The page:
Mr. Stevens warns that if we don't solve the problem of job training for our technology sector, it will hurt every aspect of our country and way of life:
The looming tech talent shortfall will have an impact far beyond any single firm or sector. Science and engineering aren't just crucial for national security; they're critical for economic growth. High-tech industries drive development, boosting productivity and generating good jobs. If the U.S. intends to remain the world's technological leader, we have to act today, inspiring more young people to thrive in advanced-tech careers. It's achievable, as long as government, the private sector, schools and communities work together.
He has his solutions. First off, one I disagree with:
The classroom is the place to begin. A major study ranked us 24 out of 29 countries in terms of 15-year-olds' ability to apply math skills. The Bush administration's pledge to improve math and science education, including 70,000 newly trained high-school teachers, is encouraging. But in order to attract the best teachers, we should pay them what they're worth. Between 1993-94 and 2003-04, 15 states saw declines in teacher salaries when adjusted for inflation.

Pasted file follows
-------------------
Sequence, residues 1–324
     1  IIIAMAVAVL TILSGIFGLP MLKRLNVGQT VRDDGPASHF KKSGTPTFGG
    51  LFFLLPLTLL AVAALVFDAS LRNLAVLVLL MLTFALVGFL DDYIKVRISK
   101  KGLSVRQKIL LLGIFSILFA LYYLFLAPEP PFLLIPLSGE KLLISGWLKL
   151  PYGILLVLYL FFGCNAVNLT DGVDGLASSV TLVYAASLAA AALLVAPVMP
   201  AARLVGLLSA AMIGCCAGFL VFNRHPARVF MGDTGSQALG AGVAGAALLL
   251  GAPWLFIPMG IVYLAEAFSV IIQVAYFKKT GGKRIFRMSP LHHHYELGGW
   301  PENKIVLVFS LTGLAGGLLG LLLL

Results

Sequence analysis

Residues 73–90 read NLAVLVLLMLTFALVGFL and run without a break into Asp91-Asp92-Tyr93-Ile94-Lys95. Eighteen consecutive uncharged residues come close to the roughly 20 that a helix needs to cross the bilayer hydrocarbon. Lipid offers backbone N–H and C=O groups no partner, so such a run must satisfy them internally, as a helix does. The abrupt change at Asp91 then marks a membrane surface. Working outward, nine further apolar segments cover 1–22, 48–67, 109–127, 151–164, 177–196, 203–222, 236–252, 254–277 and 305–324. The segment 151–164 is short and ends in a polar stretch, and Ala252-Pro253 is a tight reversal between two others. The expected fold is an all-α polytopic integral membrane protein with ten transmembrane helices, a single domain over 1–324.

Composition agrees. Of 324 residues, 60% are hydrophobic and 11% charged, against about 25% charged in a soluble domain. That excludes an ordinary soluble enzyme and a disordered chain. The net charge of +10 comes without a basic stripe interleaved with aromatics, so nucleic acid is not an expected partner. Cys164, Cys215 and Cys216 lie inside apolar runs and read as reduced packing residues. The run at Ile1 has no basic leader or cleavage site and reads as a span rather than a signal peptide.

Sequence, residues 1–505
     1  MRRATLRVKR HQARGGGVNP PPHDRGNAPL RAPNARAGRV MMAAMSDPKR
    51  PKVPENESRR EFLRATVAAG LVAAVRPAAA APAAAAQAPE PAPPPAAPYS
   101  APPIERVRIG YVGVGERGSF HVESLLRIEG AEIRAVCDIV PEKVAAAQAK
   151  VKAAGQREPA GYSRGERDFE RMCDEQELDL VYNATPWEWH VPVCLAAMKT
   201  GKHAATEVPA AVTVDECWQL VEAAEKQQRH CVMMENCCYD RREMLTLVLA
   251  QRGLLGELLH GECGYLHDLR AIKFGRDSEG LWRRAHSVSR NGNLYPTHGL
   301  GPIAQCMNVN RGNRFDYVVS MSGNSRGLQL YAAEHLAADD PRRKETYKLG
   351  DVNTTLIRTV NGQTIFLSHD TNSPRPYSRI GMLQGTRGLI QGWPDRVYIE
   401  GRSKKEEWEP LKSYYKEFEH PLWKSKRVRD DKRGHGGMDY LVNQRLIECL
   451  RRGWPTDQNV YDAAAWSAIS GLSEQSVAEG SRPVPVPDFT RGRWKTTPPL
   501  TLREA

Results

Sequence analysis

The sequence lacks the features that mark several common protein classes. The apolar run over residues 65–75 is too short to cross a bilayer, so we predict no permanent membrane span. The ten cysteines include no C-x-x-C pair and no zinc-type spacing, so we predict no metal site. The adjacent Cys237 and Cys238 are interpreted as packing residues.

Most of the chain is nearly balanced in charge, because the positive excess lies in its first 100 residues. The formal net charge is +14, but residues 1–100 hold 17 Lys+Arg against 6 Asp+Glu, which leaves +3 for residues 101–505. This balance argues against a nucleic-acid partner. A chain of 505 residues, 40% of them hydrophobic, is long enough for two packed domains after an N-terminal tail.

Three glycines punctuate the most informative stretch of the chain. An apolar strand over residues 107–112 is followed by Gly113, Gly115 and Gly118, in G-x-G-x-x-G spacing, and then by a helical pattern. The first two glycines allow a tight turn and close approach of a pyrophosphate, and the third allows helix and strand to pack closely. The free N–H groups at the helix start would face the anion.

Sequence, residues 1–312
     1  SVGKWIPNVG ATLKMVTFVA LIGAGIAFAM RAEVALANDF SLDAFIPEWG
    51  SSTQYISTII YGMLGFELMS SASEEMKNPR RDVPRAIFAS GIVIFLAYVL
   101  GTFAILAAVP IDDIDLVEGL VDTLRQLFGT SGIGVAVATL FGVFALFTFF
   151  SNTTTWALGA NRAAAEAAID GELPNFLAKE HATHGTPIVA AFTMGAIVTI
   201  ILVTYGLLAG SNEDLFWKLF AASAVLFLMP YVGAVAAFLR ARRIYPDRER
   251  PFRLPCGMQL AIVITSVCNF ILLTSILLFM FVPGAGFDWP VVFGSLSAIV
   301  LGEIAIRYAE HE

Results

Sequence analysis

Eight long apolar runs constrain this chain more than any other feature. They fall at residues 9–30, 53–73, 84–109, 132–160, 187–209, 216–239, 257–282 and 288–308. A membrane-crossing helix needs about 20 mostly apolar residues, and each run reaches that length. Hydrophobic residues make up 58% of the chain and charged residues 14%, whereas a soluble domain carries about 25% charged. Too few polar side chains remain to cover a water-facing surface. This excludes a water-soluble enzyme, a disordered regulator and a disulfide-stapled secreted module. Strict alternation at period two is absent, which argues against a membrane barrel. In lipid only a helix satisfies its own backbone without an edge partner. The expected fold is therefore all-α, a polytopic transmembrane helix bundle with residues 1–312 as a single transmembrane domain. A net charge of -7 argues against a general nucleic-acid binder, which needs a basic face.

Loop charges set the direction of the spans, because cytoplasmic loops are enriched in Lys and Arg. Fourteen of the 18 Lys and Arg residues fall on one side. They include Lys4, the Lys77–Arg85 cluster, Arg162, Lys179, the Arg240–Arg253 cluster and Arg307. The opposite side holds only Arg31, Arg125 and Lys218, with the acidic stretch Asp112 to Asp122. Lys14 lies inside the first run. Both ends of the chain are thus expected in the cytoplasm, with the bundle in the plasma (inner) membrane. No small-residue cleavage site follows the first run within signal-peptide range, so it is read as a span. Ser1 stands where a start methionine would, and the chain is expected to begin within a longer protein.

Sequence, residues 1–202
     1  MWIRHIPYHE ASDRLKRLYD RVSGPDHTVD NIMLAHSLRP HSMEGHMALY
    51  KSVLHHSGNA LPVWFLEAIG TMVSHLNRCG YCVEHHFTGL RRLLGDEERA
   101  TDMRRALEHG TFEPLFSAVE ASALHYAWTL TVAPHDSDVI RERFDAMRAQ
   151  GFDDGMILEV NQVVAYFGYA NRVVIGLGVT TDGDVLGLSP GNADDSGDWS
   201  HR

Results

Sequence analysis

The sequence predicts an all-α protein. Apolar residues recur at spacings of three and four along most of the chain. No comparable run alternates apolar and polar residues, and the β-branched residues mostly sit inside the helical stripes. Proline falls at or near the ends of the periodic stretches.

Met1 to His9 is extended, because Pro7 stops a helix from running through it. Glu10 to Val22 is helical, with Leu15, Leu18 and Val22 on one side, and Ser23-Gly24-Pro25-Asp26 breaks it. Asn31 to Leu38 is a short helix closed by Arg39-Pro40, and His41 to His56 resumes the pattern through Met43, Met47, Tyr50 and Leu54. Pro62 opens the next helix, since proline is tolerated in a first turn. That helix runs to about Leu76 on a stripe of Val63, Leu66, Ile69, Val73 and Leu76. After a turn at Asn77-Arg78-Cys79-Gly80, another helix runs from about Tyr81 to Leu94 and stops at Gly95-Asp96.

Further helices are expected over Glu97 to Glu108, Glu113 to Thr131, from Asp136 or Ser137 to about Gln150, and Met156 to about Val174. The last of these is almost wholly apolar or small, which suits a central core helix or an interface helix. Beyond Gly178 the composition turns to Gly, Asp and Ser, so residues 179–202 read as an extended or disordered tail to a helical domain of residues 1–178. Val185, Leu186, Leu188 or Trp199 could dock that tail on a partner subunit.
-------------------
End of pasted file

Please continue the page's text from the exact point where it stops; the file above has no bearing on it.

I don't believe our problem with math skills is a lack of teachers capable of imparting the knowledge. In fact, given technological advances, we should be looking a new way of educating, where a few teachers of proven ability to connect and explain the material are piped into schools throughout the land in short lectures, with local teachers who we would pay less but hire more of, would be available for small-group counselling and work-group leadership. We will never find one million "best" teachers -- we shouldn't try. I note that we often use volunteers to work with students, and those volunteers, largely untrained, seem to do a better job than the trained teachers, because the important thing is the interaction and directly applied lessons, rather than the skill of the teacher.